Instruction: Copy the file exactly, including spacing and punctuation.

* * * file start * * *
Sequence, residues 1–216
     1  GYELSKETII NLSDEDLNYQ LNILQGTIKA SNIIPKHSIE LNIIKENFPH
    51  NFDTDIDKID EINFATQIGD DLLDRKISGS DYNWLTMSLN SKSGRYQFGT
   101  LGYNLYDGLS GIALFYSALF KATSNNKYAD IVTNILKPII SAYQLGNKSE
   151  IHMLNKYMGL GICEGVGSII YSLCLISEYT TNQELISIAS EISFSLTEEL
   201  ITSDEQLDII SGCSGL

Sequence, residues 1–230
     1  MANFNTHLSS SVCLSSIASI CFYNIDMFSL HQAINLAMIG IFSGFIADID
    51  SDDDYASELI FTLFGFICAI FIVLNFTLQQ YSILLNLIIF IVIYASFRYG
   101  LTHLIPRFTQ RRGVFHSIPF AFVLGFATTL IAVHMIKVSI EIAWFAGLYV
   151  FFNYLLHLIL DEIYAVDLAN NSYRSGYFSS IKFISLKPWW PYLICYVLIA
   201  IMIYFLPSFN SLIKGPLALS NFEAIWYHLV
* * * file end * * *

Sequence, residues 1–216
     1  GYELSKETII NLSDEDLNYQ LNILQGTIKA SNIIPKHSIE LNIIKENFPH
    51  NFDTDIDKID EINFATQIGD DLLDRKISGS DYNWLTMSLN SKSGRYQFGT
   101  LGYNLYDGLS GIALFYSALF KATSNNKYAD IVTNILKPII SAYQLGNKSE
   151  IHMLNKYMGL GICEGVGSII YSLCLISEYT TNQELISIAS EISFSLTEEL
   201  ITSDEQLDII SGCSGL

Sequence, residues 1–230
     1  MANFNTHLSS SVCLSSIASI CFYNIDMFSL HQAINLAMIG IFSGFIADID
    51  SDDDYASELI FTLFGFICAI FIVLNFTLQQ YSILLNLIIF IVIYASFRYG
   101  LTHLIPRFTQ RRGVFHSIPF AFVLGFATTL IAVHMIKVSI EIAWFAGLYV
   151  FFNYLLHLIL DEIYAVDLAN NSYRSGYFSS IKFISLKPWW PYLICYVLIA
   201  IMIYFLPSFN SLIKGPLALS NFEAIWYHLV